013  2013-07-26  23:27   970  WDAY    912  FARGO, ND, US

014  2013-07-26  23:27   960  CFAC    513  CALGARY, AB

015  2013-07-26  23:28   940  CJGX    313  Yorkton, SK, CA

016  2013-07-26  23:28   910  CKDQ    475  Drumheller, AB, CA

017  2013-07-26  23:38  1050  CJNB    140  North Battleford, SK, CA

018  2013-07-26  23:42  1060  CKMX    518  Calgary, AB, CA

019  2013-07-26  23:57  1110  KFAB   1464  OMAHA, NE, US

020  2013-07-27  00:04   540  CBK      94  WATROUS, SK

021  2013-07-27  00:07   600  CJWW     12  Saskatoon, SK, CA

022  2013-07-27  00:08   650  CKOM      9  SASKATOON, SK

023  2013-07-27  00:14   740  CBX     478  Edmonton, AB, CA

024  2013-07-27  00:15   750  CKJH    156  Melfort, SK, CA

025  2013-07-27  00:24  1210  CFYM    187  Kindersley, SK, CA

026  2013-07-27  00:25  1200  CJRJ   1200  Vancouver, BC, CA

027  2013-07-27  00:25  1220  CJRB    561  Boissevain, MB, CA

028  2013-07-27  00:26  1130  CKWX   1201  Vancouver, BC, CA

029  2013-07-27  00:29  1140  CHRB    515  High River, AB, CA

030  2013-07-27  00:30  1160  KSL    1326  SALT LAKE CITY, UT, US

031  2013-07-27  00:37  1190  CFSL    353  Weyburn, SK, CA

032  2013-07-27  00:46  1320  CHMB   1199  Vancouver, BC, CA

033  2013-07-27  00:48  1330  CJYM    117  Rosetown, SK, CA

034  2013-07-27  00:56  1570  CKMW    689  Morden, MB, CA

035  2013-07-27  00:59  1540  KXEL   1542  WATERLOO, IA, US

036  2013-07-28  00:35   830  WCCO   1241  MINNEAPOLIS, MN, US

037  2013-07-28  00:45   620  CKRM    242  Regina, SK, CA

038  2013-07-28  00:57   570  CKSW    231  Swift Current, SK, CA

039  2013-07-28  03:18   730  CKDM    455  Dauphin, MB, CA

040  2013-07-28  03:24   720  WGN    1793  CHICAGO, IL, US

041  2013-07-28  04:02  1390  KRRZ    579  MINOT, ND, US

042  2013-07-28  04:28  1520  KKXA   1197  SNOHOMISH, WA, US

043  2013-07-28  04:33  1560  KKAA    953  ABERDEEN, SD, US

044  2013-07-28  04:37  1600  KEPN   1389  LAKEWOOD, CO, US

045  2013-07-28  16:53   770  CHQR    533  Calgary, AB, CA

046  2013-07-28  16:54   830  CKKY    290  Wainwright, AB, CA

047  2013-07-30  01:37  1550  KRPI   1184  FERNDALE, WA, US

048  2013-07-30  01:45  1500  KSTP   1269  ST. PAUL, MN, US

049  2013-07-30  01:47  1510  KGA     924  SPOKANE, WA, US

050  2013-07-30  02:00  1470  KWSL   1323  SIOUX CITY, IA, US

051  2013-07-30  02:27  1420  KTOE   1289  MANKATO, MN, US

052  2013-07-30  02:35  1370  CFOK    531  Westlock, AB, CA

053  2013-07-30  02:42  1320  KELO   1213  SIOUX FALLS, SD, US

054  2013-07-30  02:42  1320  KOZY   1094  GRAND RAPIDS, MN, US

055  2013-07-30  02:45  1290  CFRW    704  Winnipeg, MB, CA

056  2013-07-30  02:51  1310  KNOX    834  GRAND FORKS, ND, US

057  2013-07-30  02:53  1280  CJSL    428  Estevan, SK, CA

058  2013-07-30  02:54  1260  CFRN    497  Edmonton, AB, CA

059  2013-07-30  02:59  1180  KOFI    694  KALISPELL, MT, US

060  2013-07-30  03:06  1080  KRLD   2284  DALLAS, TX, US

061  2013-07-31  01:01   690  CBKF-1  248  GRAVELBOURG, SK

062  2013-07-31  13:29  1070  KATQ    399  PLENTYWOOD, MT, US

063  2013-07-31  13:37   880  CKLQ    553  Brandon, MB, CA

064  2013-07-31  14:30   710  KXMR    733  BISMARCK, ND, US

065  2013-07-31  14:53   660  KEYZ    479  WILLISTON, ND, US

066  2013-07-31  17:47   550  KFYR    480  BISMARCK, ND, US

067  2013-07-31  18:12   560  KMON    664  GREAT FALLS, MT, US

068  2013-07-31  18:13   590  KGLE    406  GLENDIVE, MT, US

069  2013-07-31  23:39   850  KOA    1244  DENVER, CO, US

070  2013-07-31  23:48   700  KALL   1262  NORTH SALT LAKE CITY, UT, US

071  2013-07-31  23:54  1120  KMOX   1702  ST. LOUIS, MO, US

072  2013-08-01  00:02  1130  KBMR    478  BISMARCK, ND, US

073  2013-08-01  00:32   890  WLS    1578  CHICAGO, IL, US

074  2013-08-01  00:36   760  WJR    1819  DETROIT, MI, US

075  2013-08-01  00:55   860  CBKF-2  274  Saskatoon, SK, CA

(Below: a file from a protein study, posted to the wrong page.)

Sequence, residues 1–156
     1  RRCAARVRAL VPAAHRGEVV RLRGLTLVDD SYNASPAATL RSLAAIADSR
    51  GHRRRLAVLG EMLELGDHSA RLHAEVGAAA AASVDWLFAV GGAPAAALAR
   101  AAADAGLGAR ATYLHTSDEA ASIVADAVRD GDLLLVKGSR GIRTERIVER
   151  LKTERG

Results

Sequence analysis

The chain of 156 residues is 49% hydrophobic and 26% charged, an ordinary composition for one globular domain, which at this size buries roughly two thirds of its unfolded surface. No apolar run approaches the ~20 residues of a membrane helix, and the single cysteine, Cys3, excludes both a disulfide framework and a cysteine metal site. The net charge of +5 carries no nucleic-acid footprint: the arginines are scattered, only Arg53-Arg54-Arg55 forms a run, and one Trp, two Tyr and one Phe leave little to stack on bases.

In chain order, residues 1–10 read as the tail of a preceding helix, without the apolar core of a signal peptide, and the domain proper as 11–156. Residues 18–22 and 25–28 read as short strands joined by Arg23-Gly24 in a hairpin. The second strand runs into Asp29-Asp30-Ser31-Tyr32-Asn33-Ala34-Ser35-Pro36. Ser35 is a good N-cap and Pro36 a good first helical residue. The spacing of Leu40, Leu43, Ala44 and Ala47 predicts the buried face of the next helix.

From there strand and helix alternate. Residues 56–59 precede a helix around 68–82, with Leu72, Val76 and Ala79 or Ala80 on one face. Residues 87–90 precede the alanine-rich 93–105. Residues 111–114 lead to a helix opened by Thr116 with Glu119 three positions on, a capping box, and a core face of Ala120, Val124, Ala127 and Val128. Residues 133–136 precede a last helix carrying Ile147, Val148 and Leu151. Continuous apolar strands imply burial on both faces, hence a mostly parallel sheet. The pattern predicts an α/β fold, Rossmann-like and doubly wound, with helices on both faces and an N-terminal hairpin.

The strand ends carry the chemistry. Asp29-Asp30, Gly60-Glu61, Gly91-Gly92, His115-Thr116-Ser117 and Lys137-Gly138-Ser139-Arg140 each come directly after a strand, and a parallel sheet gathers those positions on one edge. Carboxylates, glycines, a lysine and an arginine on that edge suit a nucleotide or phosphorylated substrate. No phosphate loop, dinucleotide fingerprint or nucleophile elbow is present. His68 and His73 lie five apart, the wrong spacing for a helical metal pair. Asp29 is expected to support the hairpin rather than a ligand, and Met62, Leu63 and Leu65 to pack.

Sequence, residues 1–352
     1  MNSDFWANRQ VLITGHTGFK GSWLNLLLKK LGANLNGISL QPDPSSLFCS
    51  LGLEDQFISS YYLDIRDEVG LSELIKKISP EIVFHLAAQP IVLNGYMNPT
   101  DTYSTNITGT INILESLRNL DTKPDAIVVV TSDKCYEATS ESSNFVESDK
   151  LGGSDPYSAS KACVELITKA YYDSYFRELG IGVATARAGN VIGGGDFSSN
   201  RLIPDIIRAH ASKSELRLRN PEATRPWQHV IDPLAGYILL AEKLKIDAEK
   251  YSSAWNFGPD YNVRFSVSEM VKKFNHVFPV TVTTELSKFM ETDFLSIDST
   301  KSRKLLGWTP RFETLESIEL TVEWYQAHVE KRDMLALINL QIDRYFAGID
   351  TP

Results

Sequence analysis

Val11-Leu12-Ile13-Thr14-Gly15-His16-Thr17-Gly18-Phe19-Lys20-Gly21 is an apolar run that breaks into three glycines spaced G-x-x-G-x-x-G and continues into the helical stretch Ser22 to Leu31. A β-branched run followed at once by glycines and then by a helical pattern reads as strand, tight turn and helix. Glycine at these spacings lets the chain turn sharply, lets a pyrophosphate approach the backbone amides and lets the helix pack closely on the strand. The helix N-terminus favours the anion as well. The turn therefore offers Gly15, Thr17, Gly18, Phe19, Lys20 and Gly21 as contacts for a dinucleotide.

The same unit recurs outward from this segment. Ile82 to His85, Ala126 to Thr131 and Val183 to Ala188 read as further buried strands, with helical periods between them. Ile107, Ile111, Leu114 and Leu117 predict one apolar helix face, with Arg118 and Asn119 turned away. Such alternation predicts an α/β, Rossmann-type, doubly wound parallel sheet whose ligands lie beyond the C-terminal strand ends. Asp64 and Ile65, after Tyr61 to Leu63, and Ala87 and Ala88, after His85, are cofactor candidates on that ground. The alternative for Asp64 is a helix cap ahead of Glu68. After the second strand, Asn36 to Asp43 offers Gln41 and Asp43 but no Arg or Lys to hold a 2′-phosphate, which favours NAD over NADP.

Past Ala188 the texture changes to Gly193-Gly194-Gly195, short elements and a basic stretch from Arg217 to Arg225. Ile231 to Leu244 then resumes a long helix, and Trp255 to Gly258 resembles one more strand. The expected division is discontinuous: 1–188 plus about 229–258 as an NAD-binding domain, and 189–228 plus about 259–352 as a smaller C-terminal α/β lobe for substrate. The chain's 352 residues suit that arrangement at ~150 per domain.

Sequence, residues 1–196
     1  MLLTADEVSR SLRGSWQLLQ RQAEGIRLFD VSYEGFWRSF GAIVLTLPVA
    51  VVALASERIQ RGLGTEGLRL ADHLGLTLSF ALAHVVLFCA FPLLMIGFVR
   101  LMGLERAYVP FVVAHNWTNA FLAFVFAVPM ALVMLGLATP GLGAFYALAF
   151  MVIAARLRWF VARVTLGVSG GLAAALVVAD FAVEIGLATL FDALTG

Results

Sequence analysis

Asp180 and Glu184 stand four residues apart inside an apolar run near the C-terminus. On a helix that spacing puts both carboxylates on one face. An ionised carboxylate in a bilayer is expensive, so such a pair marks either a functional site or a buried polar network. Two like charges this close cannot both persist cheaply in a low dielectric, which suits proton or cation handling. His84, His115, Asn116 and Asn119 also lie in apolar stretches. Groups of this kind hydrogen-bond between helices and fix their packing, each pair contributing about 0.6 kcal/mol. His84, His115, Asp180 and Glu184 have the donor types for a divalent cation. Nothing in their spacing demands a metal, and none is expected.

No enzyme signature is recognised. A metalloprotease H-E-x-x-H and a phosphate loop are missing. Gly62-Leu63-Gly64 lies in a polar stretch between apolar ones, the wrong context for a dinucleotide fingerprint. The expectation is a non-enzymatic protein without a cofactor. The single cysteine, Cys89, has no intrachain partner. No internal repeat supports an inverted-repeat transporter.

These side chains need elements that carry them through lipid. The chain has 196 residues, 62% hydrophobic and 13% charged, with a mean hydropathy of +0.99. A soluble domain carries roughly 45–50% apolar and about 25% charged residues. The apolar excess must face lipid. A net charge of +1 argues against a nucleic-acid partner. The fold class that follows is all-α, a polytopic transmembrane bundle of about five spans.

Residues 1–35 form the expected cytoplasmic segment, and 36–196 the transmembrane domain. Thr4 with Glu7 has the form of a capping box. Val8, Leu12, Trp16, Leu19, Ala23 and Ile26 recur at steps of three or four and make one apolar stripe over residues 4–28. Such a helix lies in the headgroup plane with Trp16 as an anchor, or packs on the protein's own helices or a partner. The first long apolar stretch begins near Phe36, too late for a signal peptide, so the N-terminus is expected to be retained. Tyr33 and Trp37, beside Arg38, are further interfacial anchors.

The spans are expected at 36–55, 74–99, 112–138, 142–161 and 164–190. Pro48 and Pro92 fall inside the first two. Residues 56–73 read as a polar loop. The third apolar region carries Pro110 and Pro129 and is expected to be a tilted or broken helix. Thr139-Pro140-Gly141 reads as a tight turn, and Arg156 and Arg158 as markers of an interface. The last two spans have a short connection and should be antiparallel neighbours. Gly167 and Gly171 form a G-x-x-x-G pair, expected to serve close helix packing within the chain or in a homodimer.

076  2013-08-01  01:01   930  CJCA    738  Edmonton, AB, CA

077  2013-08-01  01:22  1090  KPTK   1414  SEATTLE, WA, US

078  2013-08-01  01:27  1090  KBOZ    788  BOZEMAN, MT, US

079  2013-08-01  01:41  1250  CHSM    491  Steinbach, MB, CA

All station locations are in Canada or the United States (US locations are indicated as such).

Multi-Band Operation

When doing the final construction, I decided to use sockets for the RF and local oscillator coils so that I could build coil sets for different frequency bands. I wasn’t sure how well the 1D7 converter would work at higher frequencies. These battery converter tubes were not known for good performance at shortwave frequencies. However I did manage to locate one commercial receiver design using a 1D7 that had a shortwave band on it. It was sold by Montgomery Ward, models 62-405 and 62-414 (the same circuit and chassis installed in different cabinets). The shortwave band was from 2 to 7 MHz. With that knowledge, I set about making a set of coils to cover the frequency range of 4900 kHz to 6100 kHz. I decided to limit the tuning range to 1200 kHz so that the tuning would not be too touchy. The following picture shows the RF and LO shortwave coils on the left, still in very rough prototype stage, and the finished broadcast band RF and LO coils on the right. (The broadcast band coils are mounted internally in the PVC pipe.)

The trimmer and padder capacitors are built into each coil set so that the tracking adjustments are part of those assemblies, and therefore no adjustments need to be made when the coils are switched. It required a lot of trial and error to get the coils adjusted for proper operation in the shortwave band, mainly because I didn’t have an accurate estimate of stray capacitance in the turned circuits. A rough estimate of stray capacitance is okay for setting up the tuned circuits in the broadcast band, but as we move up in frequency, stray capacitance has a much bigger impact on tuning, and it becomes very important to determine its value accurately. Once this has been done, it’s possible to calculate the correct coil inductance values and then fine tune the components to operate in the desired frequency band. After several days of tweaking coils, I was finally able to get the receiver operating quite well on the 4900 – 6100 kHz band. My current plans are to build additional coil sets for 9500 kHz (31 meters) and 11,700 kHz (25 meters). If they work properly, I may attempt higher frequencies.

For more information on the construction details and how I made the fake vintage looking parts, continue to Part 2.

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This page last updated: February 25, 2021

Copyright 2013, 2017, Robert Weaver